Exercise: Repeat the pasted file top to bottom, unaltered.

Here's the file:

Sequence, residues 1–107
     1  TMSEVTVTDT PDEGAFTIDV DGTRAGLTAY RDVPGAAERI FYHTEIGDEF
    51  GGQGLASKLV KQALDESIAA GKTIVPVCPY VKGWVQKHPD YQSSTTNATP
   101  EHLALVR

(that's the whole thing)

Sequence, residues 1–107
     1  TMSEVTVTDT PDEGAFTIDV DGTRAGLTAY RDVPGAAERI FYHTEIGDEF
    51  GGQGLASKLV KQALDESIAA GKTIVPVCPY VKGWVQKHPD YQSSTTNATP
   101  EHLALVR